“How do you show up with 57 [kids] and walk out with 56 and go on with your day?” Tom Curry said.

Both parents said Becker, who did not respond to an email request for comment from NBC Bay Area, should have faced discipline after Ben's drowning.

Former Superintendent Rick Schmitt issued a written apology on behalf of the district in 2018, and again in 2020 as part of the settlement agreement reached with the Curry family in their lawsuit.

“By all accounts, [Ben] was a popular and well-liked student at San Ramon Valley High School,” Schmitt wrote in the 2020 letter. “I also wish to express our regret and sincere apologies for the District’s role in causing this tragic accident. The accident occurred while Benjamin was under our supervision and the District accepts full responsibility for what happened.”

The letter goes on to say that “In reviewing this matter, it appeared that our policies and procedures regarding our physical education swim classes were either insufficient or were not sufficiently followed in a manner that would ensure student safety.”

But Karen and Tom Curry said they’ve yet to receive an in-person apology from either Schmitt or Becker.

“We’re not hateful people,” Karen Curry said. “We don’t want them to suffer. But we would like an apology.”

Perhaps more maddening for the Curry family, is that another student at a nearby district school nearly drowned earlier that same school year, about seven months before Benjamin died. California High School PE teacher Lenard Matthews, credited for helping save the student’s life, warned the school board after the near-drowning about PE classes with too many students and not enough teachers.

“What I would really love to know from [the board], is what are you going to tell that parent that comes up to you and says, ‘Well, what happened to my kid?’” Matthews said at a school board meeting. “I’m going to tell the truth. I’m a Christian man. I’m going to say we had too many kids in that class. What are you going to say?”

The Currys said the incident was a red flag the district should have acted on.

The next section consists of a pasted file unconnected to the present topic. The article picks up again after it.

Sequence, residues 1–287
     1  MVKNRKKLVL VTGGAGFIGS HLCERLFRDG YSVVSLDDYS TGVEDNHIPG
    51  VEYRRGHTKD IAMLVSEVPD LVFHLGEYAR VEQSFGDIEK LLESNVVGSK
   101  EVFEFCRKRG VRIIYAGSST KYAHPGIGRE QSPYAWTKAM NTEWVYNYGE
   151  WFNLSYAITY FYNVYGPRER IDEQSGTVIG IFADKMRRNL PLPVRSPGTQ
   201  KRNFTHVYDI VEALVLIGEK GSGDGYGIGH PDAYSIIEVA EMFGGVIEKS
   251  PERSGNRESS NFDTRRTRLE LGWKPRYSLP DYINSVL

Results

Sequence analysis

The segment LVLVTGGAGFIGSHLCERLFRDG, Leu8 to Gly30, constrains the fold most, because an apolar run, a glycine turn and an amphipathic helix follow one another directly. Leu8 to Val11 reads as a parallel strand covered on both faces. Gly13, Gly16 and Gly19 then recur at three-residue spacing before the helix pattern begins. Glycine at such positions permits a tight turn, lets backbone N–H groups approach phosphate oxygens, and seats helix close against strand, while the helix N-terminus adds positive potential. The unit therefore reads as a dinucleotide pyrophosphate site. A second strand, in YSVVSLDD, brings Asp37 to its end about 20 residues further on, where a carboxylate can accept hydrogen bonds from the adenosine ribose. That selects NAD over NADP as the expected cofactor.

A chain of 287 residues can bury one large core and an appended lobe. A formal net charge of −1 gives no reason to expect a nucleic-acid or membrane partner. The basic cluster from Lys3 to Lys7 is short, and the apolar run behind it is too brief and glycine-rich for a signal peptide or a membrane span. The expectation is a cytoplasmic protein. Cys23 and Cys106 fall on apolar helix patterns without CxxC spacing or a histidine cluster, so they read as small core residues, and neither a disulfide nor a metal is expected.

“It was devastating to realize after Ben died that they had this event at Cal High in the same school district, in the same school year, and they didn’t do anything about it,” Karen Curry said. “So, fortunately, [Matthews] was paying attention. There were 47 students, a teacher and a lifeguard, as opposed to Ben’s class that had 57 students, a teacher, and no lifeguard, and a teacher that allowed himself to be distracted.”

In a written statement, new district superintendent John Malloy said:

I understand that the tragic loss of Benjamin Curry leaves his family with an unthinkable sadness. Last year I met personally with the parents and have shared my sincere compassion regarding their tragic loss. I will refrain from discussing any other details other than to say that our hearts continue to be with the family.”

The district also said it’s put new safety measures in place at school pools since Benjamin's death, such as ending PE swim classes, and hiring a district aquatics coordinator who organized and administers an aquatics safety program.

There is now a plaque at Sycamore Valley Park in Danville, where Benjamin used to spend hours on the court practicing his jump shot. Despite their pain, Karen and Tom Curry say they have no plans to leave Danville behind. After all, it’s Ben’s hometown.

They’re now pushing for better safety measures at school swimming pools, including:

  • Having at least one teacher and one lifeguard supervising no more than 40 students or swimmers.
  • Taking roll before and after all swimming activities.
  • Walking the perimeter of the pool to ensure everyone is out of the water before leaving.
  • Required lifeguard, CPR and first aid certification for all teachers and lifeguards.
  • No Cell phones or other distractions while supervising students in the pool.
  • Keeping all pool gates locked when a teacher and lifeguard are not present.

Karen and Tom Curry attended the high school graduation of Ben's classmates and they still keep in touch with many of his friends, which they say brings them joy.

“I waited 42 years to have this child and I’m so grateful that I got to have him for 15 years and that I can say Benjamin Curry was my boy," Karen Curry said.

Contact Us